There are many dimensions to life. My feeling of emptiness and depression with the world led me to begin my spiritual quest. This search inspired me to regularly visit and live in the redwood forest, observe Nature, and read spiritual books. That led me to Krishna and I lived a spiritually focused life in various temples around the world for 12 years or so. That was good for me and gave me standing in, and a taste for, bhakti. Then I came to another dissatisfaction, or inner prompting, which led me to the journey of interfacing with the world and understanding that I was out of balance with my material self; I had to attend to what I would come to understand as my life lessons and "karmic mission."
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Both our spiritual practice and understanding what we need to do in the world are essential. It is better to live in the world near devotees hankering for our spiritual ideal (Krishna Consciousness), then to live in a temple, hankering for material facilities and wondering what is wrong.

Our Personal Undercurrent—And What We Can Do About It!

(this blog is recorded on the full page: quick time player is needed; works best with Firefox or Explorer; if you are using Google Chrome it will automatically play, so if you don't want to listen, mute your speakers.)
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As I was working on last week’s blog about undercurrents in communities, I also thought about a related, important topic concerning our personal undercurrent, and how that affects our life, relationships, and whatever groups we are part of—such as family, school, occupation, and religious organization. I did bring up the subject, without naming it, when I spoke about how devotee’s unresolved “life issues” or undiagnosed mental health problems can create difficulies in any group they are part of. However, that was about “them,”—you know, those “other” devotees that cause all the problems—and I wasn’t specifically addressing you, that saintly person who never causes any conflicts. (Smile!) Many “you’s” make up any group, and each person has an effect on the whole. We must soberly consider that we can’t change others, but only ourselves—and that with great difficulty and endeavor. Never the less, changing for the better, within and without, is our most important work in life, and specifically for those on the path of loving devotional service to Krishna, or our conception of Divinity.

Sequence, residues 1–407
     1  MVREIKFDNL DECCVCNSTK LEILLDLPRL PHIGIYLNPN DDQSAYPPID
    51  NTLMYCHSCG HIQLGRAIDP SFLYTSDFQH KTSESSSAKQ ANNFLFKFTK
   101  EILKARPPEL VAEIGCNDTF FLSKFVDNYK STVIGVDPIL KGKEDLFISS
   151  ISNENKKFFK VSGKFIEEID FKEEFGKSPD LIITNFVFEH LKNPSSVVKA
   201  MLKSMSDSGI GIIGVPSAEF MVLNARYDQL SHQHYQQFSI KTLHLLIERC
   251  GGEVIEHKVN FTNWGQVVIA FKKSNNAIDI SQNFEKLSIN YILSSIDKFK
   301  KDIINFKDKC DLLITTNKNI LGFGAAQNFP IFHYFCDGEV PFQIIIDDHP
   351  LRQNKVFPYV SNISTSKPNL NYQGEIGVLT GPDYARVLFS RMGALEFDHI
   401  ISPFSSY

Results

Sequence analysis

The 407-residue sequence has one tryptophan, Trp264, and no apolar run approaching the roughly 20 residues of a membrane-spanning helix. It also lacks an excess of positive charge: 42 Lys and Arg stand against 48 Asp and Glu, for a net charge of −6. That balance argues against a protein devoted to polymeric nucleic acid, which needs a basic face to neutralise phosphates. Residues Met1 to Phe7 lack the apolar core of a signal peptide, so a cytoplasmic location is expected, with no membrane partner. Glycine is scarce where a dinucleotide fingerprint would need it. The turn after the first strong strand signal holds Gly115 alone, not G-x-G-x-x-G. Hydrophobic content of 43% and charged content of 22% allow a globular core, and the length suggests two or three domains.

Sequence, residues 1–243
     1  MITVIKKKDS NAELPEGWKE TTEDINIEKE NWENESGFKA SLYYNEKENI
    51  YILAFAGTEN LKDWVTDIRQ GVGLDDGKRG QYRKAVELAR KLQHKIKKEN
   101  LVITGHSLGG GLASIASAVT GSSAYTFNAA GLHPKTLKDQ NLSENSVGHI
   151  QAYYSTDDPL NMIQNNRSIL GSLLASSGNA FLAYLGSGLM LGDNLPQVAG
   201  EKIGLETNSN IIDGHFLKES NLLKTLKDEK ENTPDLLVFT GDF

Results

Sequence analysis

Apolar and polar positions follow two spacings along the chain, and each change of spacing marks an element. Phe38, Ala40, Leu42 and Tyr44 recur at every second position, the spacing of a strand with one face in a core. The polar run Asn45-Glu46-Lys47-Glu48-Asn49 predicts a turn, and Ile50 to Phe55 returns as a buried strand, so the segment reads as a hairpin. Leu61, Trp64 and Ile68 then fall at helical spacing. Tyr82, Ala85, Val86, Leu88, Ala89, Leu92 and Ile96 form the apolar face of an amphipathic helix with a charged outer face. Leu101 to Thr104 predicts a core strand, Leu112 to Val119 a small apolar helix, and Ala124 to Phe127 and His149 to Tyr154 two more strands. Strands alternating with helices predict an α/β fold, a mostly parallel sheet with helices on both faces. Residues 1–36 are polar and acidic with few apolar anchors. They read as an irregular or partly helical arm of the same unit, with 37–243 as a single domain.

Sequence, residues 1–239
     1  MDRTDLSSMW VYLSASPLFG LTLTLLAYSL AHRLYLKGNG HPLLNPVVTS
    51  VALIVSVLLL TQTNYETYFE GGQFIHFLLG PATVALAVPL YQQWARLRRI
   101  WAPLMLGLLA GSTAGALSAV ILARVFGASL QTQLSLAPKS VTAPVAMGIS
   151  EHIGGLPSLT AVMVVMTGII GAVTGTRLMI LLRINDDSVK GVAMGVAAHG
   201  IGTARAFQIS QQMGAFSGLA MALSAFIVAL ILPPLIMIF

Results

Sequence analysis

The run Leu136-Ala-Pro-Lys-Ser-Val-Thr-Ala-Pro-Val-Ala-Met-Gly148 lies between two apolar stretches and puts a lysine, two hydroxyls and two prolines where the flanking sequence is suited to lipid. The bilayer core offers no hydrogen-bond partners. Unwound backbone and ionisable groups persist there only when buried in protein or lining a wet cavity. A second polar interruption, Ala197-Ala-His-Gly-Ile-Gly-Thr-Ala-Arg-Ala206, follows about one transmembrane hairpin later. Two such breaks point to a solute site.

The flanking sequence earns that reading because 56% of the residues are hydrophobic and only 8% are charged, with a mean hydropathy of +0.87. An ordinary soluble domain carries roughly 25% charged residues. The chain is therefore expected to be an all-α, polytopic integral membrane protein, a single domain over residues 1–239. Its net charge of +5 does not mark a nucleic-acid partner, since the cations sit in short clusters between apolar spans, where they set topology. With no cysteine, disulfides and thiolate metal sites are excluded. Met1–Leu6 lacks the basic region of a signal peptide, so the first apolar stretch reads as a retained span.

If we are in a leadership position, we can carefully and lovingly point out problem areas we observe in others, or if serious enough, recommend they seek professional help. Ultimately each person has to accept their shortcoming and see the value of working toward improvement. Taking personal responsibility for relationship conflicts is the first step, combined with a willingness to do the difficult work of introspection and self-examination. I have written before about our “shadow” side, or those disowned or repressed parts of our psyche, that we don’t want to accept or deal with. “Undercurrent” is another way to label those problematic parts of ourselves and encourage everyone, in addition to spiritual practice, to be engaged in self-improvement and developing less reactionary ways of dealing with others. The principle to “Seek first to understand, then to be understood,” applies if we are to minimize our problems with others, and be a positive force in our family and/or community!

Texas Faith 136: A cup of coffee and other holy rituals

Dallas Morning News,

4 Minute Krishna Podcast @ BKS Iyengar Yoga - Wine VS Yoga

Texas Faith 135: When is a city ban on feeding the poor an infringement on religious liberty?

Dallas Morning News,

TEXAS FAITH 134: How should we incorporate faith into a secular political world?

Dallas Morning News,

25 Fun and puzzling Krishna Trivia Questions - #20 is my fav

Appreciations from guests

Oaklawn/Cedar Springs Halloween Block Party Street Kirtan w/ Giriraj Swami

Every year during this time of the year we have a wonderful kirtan with thousands of folks attending the Oaklawn Halloween Block Party.  The event has more than 100,000 attendees and can be quite PG-13 but everyone loves the chanting.  In fact many costumed partiers chant along with us for several hours throughout the night.